Running Time: 106 mins
UK Distributor: Netflix
UK Release Date: 17 November 2023
WHO’S IN RUSTIN?
Colman Domingo, Chris Rock, Glynn Turman, Aml Ameen, CCH Pounder, Michael Potts, Jeffrey Wright, Audra McDonald, Da’Vine Joy Randolph, Bill Irwin, Gus Halper, Johnny Ramey, Lilli Kay, Jordan-Amanda Hall, Jakeem Powell, Grantham Coleman, Jamilah Rosemond, Jules Latimer, Maxwell Whittington-Cooper, Frank Harts, Kevin Mambo, Cotter Smith, Carra Patterson, Adrienne Warren, Ayana Workman
WHO’S BEHIND THE CAMERA?
George C. Wolfe (director), Julian Breece and Dustin Lance Black (writers), Bruce Cohen and Tonia Davis (producers), Branford Marsalis (composer), Tobias Schliessler (cinematographer), Andrew Mondshein (editor)
WHAT’S IT ABOUT?
Gay civil rights activist Bayard Rustin (Domingo) organises the historic March on Washington…
WHAT ARE MY THOUGHTS ON RUSTIN?
The historic March on Washington in the summer of 1963 is best remembered for a number of things, among them Dr. Martin Luther King Jr’s iconic “I Have A Dream” speech, those iconic photographs of the Lincoln Memorial swarmed with participants, and singer Mahalia Jackson’s rousing hymn performances on the same stage as Dr. King. None would be possible, though, without Bayard Rustin and his dedication to furthering the Civil Rights Movement toward such a monumental culmination, but for a number of reasons his contributions to the event have remained firmly under the radar in history books.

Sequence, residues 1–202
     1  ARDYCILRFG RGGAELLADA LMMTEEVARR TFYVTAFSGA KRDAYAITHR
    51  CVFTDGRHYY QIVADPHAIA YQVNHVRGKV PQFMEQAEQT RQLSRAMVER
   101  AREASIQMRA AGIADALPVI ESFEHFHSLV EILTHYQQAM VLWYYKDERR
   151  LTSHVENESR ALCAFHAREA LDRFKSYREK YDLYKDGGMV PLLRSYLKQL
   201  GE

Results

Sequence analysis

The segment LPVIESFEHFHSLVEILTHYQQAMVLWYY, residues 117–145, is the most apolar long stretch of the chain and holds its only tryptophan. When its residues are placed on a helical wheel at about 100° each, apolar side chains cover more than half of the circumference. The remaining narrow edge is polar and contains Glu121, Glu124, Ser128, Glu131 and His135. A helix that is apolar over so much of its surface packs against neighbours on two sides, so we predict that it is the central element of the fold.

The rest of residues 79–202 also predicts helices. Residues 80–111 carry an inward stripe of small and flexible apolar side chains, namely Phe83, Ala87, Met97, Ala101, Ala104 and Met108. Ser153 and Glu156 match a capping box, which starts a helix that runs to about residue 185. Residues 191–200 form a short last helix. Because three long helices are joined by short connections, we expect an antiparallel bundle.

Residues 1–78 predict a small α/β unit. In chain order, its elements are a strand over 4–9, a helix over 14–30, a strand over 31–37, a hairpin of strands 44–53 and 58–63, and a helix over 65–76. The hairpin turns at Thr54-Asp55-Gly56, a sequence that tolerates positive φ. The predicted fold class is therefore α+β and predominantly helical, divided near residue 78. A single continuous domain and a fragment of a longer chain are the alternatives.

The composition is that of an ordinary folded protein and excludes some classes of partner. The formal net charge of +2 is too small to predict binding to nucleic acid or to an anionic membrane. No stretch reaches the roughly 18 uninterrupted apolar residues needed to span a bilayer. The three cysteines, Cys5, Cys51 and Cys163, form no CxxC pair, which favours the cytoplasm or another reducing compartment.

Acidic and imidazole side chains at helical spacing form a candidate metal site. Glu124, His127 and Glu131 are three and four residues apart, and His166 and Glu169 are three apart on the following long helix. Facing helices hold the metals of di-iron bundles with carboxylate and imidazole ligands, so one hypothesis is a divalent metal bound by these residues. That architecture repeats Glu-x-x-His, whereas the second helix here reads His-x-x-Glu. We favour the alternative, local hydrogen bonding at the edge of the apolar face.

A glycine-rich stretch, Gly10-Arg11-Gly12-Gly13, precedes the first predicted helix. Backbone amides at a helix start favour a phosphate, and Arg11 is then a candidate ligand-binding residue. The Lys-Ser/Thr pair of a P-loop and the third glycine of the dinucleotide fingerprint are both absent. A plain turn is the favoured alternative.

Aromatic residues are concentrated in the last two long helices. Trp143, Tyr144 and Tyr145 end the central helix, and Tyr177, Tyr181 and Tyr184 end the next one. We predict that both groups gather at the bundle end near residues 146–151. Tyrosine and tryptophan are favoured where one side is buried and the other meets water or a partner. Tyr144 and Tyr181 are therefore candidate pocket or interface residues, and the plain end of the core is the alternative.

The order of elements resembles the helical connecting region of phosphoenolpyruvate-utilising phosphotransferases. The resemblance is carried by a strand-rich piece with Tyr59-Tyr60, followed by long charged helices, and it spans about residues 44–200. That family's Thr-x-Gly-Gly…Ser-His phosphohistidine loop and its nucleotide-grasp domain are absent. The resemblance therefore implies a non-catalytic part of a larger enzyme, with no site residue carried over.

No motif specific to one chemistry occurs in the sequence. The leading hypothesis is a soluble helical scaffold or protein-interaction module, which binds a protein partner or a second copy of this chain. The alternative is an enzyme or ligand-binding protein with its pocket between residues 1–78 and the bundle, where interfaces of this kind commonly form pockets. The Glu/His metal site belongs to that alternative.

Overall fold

Rustin finally receives his dues in director George C. Wolfe’s new biopic, which nobly outlines the activist’s role in the historic March on Washington, as well as his relationships with several prominent Civil Rights figures, but eventually settles for a conventional structure that leaves its otherwise powerful themes at surface level. Nevertheless, it is a decent effort that means well, with a mesmerising lead performance anchoring it all the way, even if the rest of the film struggles to truly stand out.
The film begins in 1960, as Rustin (Colman Domingo) is unceremoniously booted from the NAACP, as led at the time by Roy Wilkins (Chris Rock in a rare dramatic turn), after an attempt to resign in protest after they strike down his plans for peaceful protest backfires tremendously. Three years later, Rustin is in a job he hates, and facing persecution not just for the colour of his skin, but also for the fact that he is an openly gay man, and in a relationship with his younger white assistant Tom (Gus Halper). Soon, though, Rustin has a lightbulb moment that of course results in him planning the March on Washington, and through his friendship with Dr. Martin Luther King Jr. (Aml Ameen) – which was damaged after Rustin’s earlier sacking – he manages to rally fellow civil rights activists to his cause, and within weeks creates the foundations that would lead to the historic march.